This interview should be required listening for women — and men — who are in a relationship, particularly a marriage, in which the woman earns more than the man. This is precisely the situation in which author Farnoosh Torabi has found herself, and as a popular financial columnists, she discovered she wasn’t alone.
Based on her own experiences, questions from her readers, she began researching relationships for her latest book, When She Makes More: 10 Rules for Breadwinning Women. The book features stories from and advice for the growing number of couples who are seeing this non-traditional income dynamic.
The book will be released May 1, but Farnoosh is offering several special deals for anyone who orders the book before its release. You could win care baskets from the author’s favorite brands and services, including TaskRabbit, Evernote and Stella & Dot. You might also win lunch with the author and a backstage pass to the NBC Today Show.
In today’s episode of the Consumerism Commentary Podcast, Farnoosh Torbai discusses this phenomenon and offers tips and suggestions for adapting to a different financial balance. Continue this article to listen to the podcast. You can also subscribe to the podcast in iTunes.
Luke: Welcome to the Consumerism Commentary Podcast. I’m Luke Landes. Today Farnoosh Torabi returns to the podcast with her new book, When She Makes More: 10 Rules for Breadwinning Women, available May 1 from Amazon, in hardcover and Kindle editions. Welcome back, Farnoosh.
Farnoosh: Thanks for having me! It’s great to join you again. I’m looking forward to talking about the book.
Luke: More women are making more than their partners than ever before. More are primary breadwinners. They could use rules for dealing with that situation. I’m curious who these women are. You’ve identified two distinct groups of breadwinning women?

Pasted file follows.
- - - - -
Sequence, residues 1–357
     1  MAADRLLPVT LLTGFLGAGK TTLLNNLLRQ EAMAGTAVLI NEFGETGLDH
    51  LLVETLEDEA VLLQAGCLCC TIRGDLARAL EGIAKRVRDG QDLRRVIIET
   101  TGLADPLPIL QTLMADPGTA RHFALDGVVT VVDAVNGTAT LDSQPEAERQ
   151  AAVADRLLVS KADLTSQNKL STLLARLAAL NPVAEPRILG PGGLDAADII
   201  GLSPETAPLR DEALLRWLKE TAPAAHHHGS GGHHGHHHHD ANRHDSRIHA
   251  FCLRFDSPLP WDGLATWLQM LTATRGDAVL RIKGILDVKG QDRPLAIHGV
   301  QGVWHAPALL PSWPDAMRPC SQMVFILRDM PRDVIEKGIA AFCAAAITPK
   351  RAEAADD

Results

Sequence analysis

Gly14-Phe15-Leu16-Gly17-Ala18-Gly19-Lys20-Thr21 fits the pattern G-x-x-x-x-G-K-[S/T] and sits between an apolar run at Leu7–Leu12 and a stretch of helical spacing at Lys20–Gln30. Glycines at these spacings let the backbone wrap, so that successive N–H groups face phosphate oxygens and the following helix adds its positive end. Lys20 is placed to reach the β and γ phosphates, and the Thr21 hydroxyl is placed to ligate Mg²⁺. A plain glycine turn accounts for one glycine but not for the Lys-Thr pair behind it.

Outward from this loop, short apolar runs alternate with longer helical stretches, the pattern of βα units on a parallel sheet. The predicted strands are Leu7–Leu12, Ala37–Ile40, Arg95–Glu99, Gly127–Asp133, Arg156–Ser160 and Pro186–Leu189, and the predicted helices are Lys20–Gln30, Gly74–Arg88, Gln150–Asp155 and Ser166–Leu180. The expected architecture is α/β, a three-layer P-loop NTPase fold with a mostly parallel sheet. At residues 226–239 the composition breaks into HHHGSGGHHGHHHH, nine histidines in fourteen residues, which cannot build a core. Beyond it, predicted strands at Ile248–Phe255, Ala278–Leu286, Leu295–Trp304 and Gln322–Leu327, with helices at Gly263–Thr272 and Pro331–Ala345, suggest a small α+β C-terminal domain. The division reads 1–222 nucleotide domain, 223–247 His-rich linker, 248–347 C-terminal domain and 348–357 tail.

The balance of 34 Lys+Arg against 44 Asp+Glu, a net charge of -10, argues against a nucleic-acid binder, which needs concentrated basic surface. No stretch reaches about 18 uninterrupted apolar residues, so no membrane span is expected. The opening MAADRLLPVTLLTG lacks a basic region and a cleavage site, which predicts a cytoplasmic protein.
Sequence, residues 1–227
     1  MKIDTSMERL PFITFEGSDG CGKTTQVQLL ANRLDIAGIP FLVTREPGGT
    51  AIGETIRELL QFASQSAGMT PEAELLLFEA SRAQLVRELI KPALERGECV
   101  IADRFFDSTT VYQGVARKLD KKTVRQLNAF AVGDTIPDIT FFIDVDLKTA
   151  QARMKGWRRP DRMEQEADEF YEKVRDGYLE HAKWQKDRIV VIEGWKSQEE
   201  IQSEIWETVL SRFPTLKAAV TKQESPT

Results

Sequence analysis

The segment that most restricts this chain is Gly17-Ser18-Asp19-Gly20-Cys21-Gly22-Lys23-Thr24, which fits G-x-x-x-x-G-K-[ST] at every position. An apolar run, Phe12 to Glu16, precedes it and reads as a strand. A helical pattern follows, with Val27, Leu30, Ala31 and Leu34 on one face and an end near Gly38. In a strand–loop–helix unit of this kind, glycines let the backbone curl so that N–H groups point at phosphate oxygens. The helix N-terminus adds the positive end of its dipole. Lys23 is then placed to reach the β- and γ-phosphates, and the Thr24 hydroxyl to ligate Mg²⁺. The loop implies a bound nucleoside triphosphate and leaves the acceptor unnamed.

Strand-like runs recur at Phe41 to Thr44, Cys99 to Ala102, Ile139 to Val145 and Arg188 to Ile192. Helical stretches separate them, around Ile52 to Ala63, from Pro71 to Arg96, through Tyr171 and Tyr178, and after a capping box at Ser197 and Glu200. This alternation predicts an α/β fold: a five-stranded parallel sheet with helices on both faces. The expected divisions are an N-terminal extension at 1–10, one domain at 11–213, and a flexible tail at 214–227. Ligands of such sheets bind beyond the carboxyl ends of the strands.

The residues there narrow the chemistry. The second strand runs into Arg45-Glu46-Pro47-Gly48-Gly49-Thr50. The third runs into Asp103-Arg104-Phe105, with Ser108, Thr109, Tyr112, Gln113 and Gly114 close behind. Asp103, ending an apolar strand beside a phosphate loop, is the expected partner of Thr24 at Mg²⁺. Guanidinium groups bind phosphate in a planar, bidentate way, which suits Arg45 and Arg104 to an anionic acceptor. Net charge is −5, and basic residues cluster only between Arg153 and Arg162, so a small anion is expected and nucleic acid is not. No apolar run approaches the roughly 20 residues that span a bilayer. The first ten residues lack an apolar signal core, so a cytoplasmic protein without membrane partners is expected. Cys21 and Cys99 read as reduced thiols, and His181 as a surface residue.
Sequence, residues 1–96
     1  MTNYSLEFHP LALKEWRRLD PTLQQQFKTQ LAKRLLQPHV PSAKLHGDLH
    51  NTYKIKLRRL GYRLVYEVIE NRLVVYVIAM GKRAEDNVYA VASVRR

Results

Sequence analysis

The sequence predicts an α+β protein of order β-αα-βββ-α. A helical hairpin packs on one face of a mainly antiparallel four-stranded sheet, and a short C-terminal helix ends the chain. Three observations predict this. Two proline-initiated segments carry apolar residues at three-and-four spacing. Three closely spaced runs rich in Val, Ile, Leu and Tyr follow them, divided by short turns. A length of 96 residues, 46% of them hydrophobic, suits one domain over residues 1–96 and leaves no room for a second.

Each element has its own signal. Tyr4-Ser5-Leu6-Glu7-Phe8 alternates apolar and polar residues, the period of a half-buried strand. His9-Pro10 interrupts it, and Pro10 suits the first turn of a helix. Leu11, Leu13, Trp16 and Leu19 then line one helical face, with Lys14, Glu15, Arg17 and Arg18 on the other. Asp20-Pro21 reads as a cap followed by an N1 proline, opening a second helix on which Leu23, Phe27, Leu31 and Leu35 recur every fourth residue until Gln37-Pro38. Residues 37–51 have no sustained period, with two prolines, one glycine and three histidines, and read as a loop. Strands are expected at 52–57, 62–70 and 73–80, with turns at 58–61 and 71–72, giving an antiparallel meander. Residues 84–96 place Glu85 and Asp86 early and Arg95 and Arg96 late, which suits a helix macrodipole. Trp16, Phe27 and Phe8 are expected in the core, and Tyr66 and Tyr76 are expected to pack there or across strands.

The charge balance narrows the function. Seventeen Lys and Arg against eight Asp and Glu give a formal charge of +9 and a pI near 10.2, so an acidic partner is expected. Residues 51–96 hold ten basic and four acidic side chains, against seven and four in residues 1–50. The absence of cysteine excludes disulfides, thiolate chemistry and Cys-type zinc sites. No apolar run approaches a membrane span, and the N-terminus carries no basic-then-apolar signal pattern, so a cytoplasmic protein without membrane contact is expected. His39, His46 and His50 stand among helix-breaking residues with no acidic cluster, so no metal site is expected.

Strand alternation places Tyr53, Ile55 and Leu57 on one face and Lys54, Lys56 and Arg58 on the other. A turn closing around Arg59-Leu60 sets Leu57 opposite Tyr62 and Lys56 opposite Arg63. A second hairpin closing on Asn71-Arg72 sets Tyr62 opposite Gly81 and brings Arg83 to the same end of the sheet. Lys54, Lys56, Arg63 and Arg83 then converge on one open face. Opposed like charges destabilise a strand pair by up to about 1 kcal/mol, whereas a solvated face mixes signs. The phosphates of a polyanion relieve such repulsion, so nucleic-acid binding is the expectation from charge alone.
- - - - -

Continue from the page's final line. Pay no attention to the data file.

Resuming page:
Farnoosh: There are a number of groups. There is obviously the married woman who is making more than her husband. Wither she’s been making more since the very beginning of the relationship or she has found herself inheriting the role as a result of him either losing his job or switching careers, or her going back into the workforce and earning more. Then there are single moms, as well, who comprise a big chunk of breadwinning women in this country, and they are of course the sole providers in their families. They’re not married, but they still to their credit are breadwinners because they’re supporting financially their families.
Even if you’re not married, even if you don’t have children, single women, especially in the younger demographic, who are on average making a higher median income than many of their male counterparts in most of American cities today are categorized as breadwinners in a way because they’re not only able to provide for themselves, but perhaps also a family if they so chose.
Luke: Is that related to the trend that women at the same age as men tend to be more educated?
Farnoosh: When you look at the 18-to-34 year old demographic, what we do find is that women are getting better grades in grade school, and then going to college and graduate school in larger numbers. So yes, this is fueling part of why we see this new trend. Definitely, women are getting their education at a faster clip, and the job market has also been favorable to women in some respects. We just came out of the recession which was dubbed the “man-cession.” We saw a lot of men lose their jobs in industries like construction, manufacturing, and even finance.
All the while, industries like healthcare, education services have been booming. In fact they’re among the fastest growing industries through 2016. These are industries that traditionally have employed women in a majority. Depending on how you look at it, the job market has also been a lot friendlier to women as they’ve been going to college in higher numbers.